Omaha investor buys 90 West Dallas properties
West Dallas Investors sells in Singleton neighborhood
An Omaha-based investor is looking beyond the cornfields for its next acquisition.
Goldenrod Cos. purchased nearly 90 properties near Singleton Boulevard in West Dallas, amassing over 35 acres of vacant lots and existing buildings to make it one of the largest transactions the area has seen in years, the Dallas Morning News reported. It acquired the property on undisclosed terms from West Dallas Investors, the group behind the popular Trinity Groves complex.
The deal reflects how quickly the neighborhood has turned into a hotspot for real estate investors and developers since West Dallas Investments began making its mark on the area in 2005. Twenty years ago, land near Singleton could be purchased for about $2.50 per square foot – there were few residential parcels and it was an area riddled with drug-related activities. Now properties typically trade for more than $65 per square foot, the outlet reported.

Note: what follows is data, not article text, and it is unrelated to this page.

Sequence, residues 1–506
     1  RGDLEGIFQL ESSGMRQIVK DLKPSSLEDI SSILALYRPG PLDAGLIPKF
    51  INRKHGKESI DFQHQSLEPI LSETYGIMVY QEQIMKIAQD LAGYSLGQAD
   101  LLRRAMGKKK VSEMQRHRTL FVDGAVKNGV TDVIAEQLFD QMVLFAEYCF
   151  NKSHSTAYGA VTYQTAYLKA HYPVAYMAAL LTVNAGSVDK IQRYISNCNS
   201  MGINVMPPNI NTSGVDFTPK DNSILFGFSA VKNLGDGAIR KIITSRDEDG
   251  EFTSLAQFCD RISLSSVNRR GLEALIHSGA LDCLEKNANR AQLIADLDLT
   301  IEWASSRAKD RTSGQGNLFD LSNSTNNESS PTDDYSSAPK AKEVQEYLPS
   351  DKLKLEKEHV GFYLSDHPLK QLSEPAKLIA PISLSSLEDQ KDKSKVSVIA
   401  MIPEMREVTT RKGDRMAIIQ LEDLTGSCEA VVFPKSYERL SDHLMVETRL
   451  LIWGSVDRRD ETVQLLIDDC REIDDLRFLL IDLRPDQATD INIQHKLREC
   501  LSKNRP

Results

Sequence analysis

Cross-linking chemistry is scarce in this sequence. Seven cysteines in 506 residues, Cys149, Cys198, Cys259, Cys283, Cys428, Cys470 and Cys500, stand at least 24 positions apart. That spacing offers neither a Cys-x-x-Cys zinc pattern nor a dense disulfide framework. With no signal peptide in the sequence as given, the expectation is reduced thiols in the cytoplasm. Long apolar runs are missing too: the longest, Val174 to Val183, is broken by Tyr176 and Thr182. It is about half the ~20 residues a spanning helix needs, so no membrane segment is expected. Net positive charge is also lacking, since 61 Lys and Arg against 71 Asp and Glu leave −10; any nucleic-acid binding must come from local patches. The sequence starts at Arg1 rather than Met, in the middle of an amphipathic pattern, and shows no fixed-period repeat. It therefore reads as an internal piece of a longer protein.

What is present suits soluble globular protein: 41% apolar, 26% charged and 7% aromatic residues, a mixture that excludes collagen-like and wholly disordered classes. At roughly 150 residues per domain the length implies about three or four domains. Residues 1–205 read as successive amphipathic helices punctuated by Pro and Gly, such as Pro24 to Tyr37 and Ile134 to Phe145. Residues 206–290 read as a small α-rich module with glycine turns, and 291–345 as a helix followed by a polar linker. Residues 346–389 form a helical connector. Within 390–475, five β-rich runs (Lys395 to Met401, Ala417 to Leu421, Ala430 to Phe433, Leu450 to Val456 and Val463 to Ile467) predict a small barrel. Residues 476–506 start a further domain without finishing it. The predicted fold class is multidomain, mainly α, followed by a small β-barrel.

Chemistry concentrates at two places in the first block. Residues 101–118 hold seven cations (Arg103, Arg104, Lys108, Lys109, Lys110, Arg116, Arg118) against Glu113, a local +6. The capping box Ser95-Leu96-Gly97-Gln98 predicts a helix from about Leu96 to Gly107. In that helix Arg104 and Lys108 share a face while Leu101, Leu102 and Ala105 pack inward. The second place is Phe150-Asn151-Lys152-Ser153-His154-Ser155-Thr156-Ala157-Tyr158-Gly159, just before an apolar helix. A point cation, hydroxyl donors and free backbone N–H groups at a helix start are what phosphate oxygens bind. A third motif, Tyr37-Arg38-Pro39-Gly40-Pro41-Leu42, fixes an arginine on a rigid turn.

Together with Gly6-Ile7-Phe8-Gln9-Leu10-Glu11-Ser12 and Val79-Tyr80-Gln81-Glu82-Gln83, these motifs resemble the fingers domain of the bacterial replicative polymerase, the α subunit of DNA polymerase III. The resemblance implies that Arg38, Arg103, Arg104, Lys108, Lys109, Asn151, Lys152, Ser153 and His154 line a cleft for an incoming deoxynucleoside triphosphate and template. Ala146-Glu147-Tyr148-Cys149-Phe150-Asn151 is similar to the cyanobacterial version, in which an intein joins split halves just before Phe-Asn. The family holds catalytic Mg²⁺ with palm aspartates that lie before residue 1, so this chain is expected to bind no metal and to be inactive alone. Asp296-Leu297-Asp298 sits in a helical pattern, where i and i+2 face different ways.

West Dallas Investments has been the driving force behind hundreds of apartments, high-rise offices, hotels and various renovation projects in the neighborhood. It got rezoning on several properties that were historically used for industrial purposes, freeing up millions of square feet.
Goldenrod Cos., led by former NFL player Zach Wiegert and Tom Meister, is now taking advantage of the neighborhood’s explosive growth. One of the vacant lots Goldenrod purchased was pitched to Amazon as a potential site for its second headquarters. It also acquired a former cement plant which will likely be turned into a high-rise hotel and office tower.
“I think it’s a game changer – bringing in a developer of that caliber with really deep pockets,” Jake Milner told the outlet, a real estate broker not involved in the deal.
Goldenrod Cos. was formed in 2005 and has since accumulated $4.3 billion in assets across numerous markets in the United States. In North Texas, the company is at the helm of the planned mixed-use Van Zandt project in Fort Worth’s cultural district, and it’s acquired several office buildings in Irving, the outlet said.
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